In last week’s article, we examined the Old Testament account of a wise lady named Abigail and her actions toward the future king of Israel. David fleeing from King Saul, who unjustly sought his life, had protected the shearers of Nabal against the raiders that always descended upon Israel during shearing and harvest times. 

The Biblical record states that Nabal … “was surly and mean in his dealings” (1 Sam 25:3 NIV) and hurled insults at David’s messengers. “One of the servants told Nabal's wife Abigail: "David sent messengers from the desert to give our master his greetings, but he hurled insults at them. Yet these men were very good to us. They did not mistreat us, and the whole time we were out in the fields near them nothing was missing.  Night and day they were a wall around us all the time we were herding our sheep near them. Now think it over and see what you can do, because disaster is hanging over our master and his whole household. He is such a wicked man that no one can talk to him" (1 Sam 25:14-17 NIV). 

David’s fury raged … “It's been useless — all my watching over this fellow's property in the desert so that nothing of his was missing. He has paid me back evil for good. May God deal with David, be it ever so severely, if by morning I leave alive one male of all who belong to him” (1 Sam 25:21-22 NIV).  God used the words of Abigail to prevent David from avenging Nabal’s mistreatment of the soldiers.  This honorable lady was a herald of God’s grace and mercy. 

In the New Testament, the actions of another lady, (some commentators suggest that this was Mary, Lazarus’ sister), became the object lesson for disciples that had demonstrated no understanding concerning Jesus’ impending death. Though He had taught his disciples that … “the Son of Man will be handed over to be crucified" (Matt 26:2 NIV). They demonstrated their unwillingness to accept the necessity of Christ going to the Cross to pay the sin debt of each individual thus enabling mankind to be reconciled to God.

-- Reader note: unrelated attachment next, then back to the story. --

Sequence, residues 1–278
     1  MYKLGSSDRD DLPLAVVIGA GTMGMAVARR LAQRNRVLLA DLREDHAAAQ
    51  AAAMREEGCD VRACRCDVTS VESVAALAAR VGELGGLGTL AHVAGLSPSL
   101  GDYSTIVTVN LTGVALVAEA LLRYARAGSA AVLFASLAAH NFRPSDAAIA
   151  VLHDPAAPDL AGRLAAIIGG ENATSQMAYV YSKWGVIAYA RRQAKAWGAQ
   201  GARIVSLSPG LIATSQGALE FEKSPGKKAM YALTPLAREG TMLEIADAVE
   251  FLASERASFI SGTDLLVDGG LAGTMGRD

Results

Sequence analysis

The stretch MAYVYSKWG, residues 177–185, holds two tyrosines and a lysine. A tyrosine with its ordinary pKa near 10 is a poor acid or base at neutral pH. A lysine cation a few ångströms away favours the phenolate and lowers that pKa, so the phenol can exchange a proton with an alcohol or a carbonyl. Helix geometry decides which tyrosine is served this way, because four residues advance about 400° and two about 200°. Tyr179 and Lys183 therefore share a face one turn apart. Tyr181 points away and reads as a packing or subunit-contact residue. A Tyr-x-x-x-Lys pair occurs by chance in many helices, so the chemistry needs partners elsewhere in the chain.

“While Jesus was in Bethany in the home of a man known as Simon the Leper, a woman came to him with an alabaster jar of very expensive perfume, which she poured on his head as he was reclining at the table.  When the disciples saw this, they were indignant. "Why this waste?" they asked. "This perfume could have been sold at a high price and the money given to the poor" (Matt 26:6-9 NIV).  Had the disciples forgotten the words spoken to them just a few days earlier when … “Jesus took the Twelve aside and told them, "We are going up to Jerusalem, and everything that is written by the prophets about the Son of Man will be fulfilled. He will be handed over to the Gentiles. They will mock him, insult him, spit on him, flog him and kill him. On the third day he will rise again" (Luke 18:31-33 NIV). 

Jesus gave great importance to this woman’s act of love. “I tell you the truth, wherever this gospel is preached throughout the world, what she has done will also be told, in memory of her" (Matt 26:13 NIV).  Perhaps this lady was among those women who were at the tomb on that first resurrection morn. Grieving for their Lord, they had come to apply spices on his body, but to their astonishment, they heard the angelic proclamation … “He is not here; he has risen! Remember how he told you, while he was still with you in Galilee: 'The Son of Man must be delivered into the hands of sinful men, be crucified and on the third day be raised again.'" Then they remembered his words” (Luke 24:6-8 NIV).  Sorrow was turned to joy in literal fulfillment of the Psalmist’s words … “weeping may remain for a night, but rejoicing comes in the morning” (Ps 30:5 NIV).